David Bourget (Western Ontario)
David Chalmers (ANU, NYU)
Rafael De Clercq
Ezio Di Nucci
Jack Alan Reynolds
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Philosophy of Science 76 (5):915-926 (2009)
While many philosophers agree that evolutionary theory has important implications for the study of ethics, there has been no consensus on what these implications are. I argue that we can better understand these implications by examining two related yet distinct issues in evolutionary theory: the evolution of our moral beliefs and the evolution of cooperative behavior. While the prevailing evolutionary account of morality poses a threat to moral realism, a plausible model of how altruism evolved in human beings provides the grounding for a research program that focuses on achieving some of the more practical goals shared by ethicists. †To contact the author, please write to: Department of Political Science, Economics, and Philosophy, College of Staten Island/City University of New York, 2800 Victory Blvd., Staten Island, NY 10314; e‐mail: firstname.lastname@example.org.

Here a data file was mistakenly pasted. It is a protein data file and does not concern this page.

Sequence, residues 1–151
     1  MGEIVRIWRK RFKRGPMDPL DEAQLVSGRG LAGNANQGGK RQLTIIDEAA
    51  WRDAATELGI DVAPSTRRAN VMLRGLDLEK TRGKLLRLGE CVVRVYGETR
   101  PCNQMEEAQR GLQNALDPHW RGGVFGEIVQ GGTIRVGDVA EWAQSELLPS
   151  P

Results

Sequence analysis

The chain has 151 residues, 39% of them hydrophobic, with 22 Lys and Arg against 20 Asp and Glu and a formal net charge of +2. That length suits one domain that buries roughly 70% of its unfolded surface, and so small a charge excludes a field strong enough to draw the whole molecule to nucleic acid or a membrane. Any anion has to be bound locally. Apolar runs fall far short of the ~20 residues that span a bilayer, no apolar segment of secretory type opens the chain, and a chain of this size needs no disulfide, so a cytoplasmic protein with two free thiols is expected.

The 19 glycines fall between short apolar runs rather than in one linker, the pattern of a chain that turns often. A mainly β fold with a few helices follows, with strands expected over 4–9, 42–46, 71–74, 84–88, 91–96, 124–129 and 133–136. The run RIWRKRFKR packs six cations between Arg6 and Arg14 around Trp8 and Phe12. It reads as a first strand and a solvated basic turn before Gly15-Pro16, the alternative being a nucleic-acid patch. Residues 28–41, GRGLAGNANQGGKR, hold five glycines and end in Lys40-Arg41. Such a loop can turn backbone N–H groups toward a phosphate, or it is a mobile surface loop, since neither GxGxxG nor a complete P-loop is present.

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Zachary Ernst (2007). The Liberationists' Attack on Moral Intuitions. American Philosophical Quarterly 44 (2):129 - 142.
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